Winterizing your outboards to keep things running

Published 6:49pm Thursday, December 6, 2012

Being winterized is something my boat has never experienced.

Its owner loves to fish too much in the winter. But most folks do let their boat rest in the winter months. And a little precaution can be well worth your efforts.

I asked Charlie Bramlett, a local boat repair man with many years of experience for some tips on what to do to keep your outboard safe in the cold of winter.

The thing he probably stressed the most was putting ethanol Stabil in your gas tanks. Put in the recommended amount according to the label, then run your motor a few minutes to be sure any gas not Stabil treated is out of your fuel lines and carburetors. Never run your engine out of water unless you have a motor flusher and a turned on water hose properly attached to your water intake. Your water pump can burn out very quickly without water.

The next step is one I had not heard of until now. He sprays fogging oil into the carbs or intake while the engine is running until the engine “chokes down.” This coats and protects the cylinders and carburetors from corrosion. You may or may not need a new set of spark plugs when you take your boat out of storage after using fogging oil, but it’s a step Bramlett recommends.

Check your lower unit oil to see if it has any signs of water. The oil will look milky white if it has water. If so, drain and replace the lower unit oil to prevent damage from freezing. It’s a good idea to change it anyway and now is as good a time as any.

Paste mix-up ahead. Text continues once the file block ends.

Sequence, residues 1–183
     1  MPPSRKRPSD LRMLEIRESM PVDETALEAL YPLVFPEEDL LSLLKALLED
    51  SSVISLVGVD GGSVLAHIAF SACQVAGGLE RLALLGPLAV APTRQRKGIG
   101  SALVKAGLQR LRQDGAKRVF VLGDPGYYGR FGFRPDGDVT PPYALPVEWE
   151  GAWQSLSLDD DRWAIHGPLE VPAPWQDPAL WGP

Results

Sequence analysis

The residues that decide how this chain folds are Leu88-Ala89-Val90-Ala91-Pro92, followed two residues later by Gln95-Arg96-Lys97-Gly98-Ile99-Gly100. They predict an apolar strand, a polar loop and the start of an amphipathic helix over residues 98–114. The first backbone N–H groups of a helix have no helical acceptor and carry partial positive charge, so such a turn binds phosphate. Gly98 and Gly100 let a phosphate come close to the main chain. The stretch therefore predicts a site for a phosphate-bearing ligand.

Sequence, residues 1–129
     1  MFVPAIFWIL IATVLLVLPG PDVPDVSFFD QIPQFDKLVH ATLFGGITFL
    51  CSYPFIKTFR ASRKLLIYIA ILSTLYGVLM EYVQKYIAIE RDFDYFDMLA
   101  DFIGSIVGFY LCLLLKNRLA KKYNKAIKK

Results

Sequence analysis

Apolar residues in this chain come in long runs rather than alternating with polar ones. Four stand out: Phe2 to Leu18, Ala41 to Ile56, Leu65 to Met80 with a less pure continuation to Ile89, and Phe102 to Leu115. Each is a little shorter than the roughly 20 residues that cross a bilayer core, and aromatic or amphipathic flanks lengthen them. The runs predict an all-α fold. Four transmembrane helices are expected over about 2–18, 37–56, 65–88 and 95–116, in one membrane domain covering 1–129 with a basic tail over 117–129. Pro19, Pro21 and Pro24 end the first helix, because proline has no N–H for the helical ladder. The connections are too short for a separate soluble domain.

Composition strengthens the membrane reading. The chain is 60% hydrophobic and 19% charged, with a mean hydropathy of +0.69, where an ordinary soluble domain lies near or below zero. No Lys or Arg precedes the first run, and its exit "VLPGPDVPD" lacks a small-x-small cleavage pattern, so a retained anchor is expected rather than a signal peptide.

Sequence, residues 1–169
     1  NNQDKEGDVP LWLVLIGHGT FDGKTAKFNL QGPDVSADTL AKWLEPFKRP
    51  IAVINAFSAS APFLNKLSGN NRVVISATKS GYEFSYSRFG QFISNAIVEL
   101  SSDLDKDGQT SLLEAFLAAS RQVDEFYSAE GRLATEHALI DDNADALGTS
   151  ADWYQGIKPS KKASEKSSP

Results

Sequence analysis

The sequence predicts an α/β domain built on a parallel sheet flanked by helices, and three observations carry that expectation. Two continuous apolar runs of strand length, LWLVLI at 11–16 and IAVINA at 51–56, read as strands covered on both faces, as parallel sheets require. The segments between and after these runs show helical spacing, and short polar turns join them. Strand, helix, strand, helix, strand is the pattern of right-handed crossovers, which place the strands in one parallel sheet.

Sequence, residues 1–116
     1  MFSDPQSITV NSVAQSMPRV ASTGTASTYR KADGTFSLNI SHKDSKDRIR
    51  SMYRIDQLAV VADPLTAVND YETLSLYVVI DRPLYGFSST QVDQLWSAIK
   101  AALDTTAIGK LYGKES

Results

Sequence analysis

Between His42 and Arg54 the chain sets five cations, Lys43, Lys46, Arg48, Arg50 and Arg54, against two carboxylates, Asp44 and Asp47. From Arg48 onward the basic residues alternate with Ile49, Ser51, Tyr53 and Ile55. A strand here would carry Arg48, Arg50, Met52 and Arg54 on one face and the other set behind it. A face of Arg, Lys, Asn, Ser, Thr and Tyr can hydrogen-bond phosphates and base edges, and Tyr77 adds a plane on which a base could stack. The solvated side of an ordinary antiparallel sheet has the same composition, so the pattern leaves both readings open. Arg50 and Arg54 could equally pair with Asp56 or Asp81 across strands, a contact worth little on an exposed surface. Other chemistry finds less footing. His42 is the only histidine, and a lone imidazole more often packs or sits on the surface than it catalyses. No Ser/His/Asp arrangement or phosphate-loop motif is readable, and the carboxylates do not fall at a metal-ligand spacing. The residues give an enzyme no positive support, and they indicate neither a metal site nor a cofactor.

Bramlett also said to leave your engine trimmed down to prevent water from collecting in the exhaust outlet around your prop. Water that stands and freezes in the lower unit can cause some real damage. While you are there, remove the prop and check to see if there is any fishing line etc. around the hub. This can cause damage to seals and end up costing you.

Disconnecting your batteries is a good idea too. Critters can chew wires and cause a short, electrical equipment can accidentally get left on, and children may try to crank you engine for you.

If you have an OMC engine with a VRO pump, unhook the line from VRO pump to prevent oil from seeping into your carburetors and gumming them up.

Bramlett said that inboards are a whole different creature and it’s safest to take it to someone who knows what they are doing to winterize them.

These steps are an “ounce of prevention.” It’s easy to put things like this off, but the sooner the better if you plan on storing your boat. And if you are considering the few bucks you can save by not winterizing your boat, just go to a dealership and check the prices of a new engine, or ask their hourly rates for service, it may put things into right perspective.

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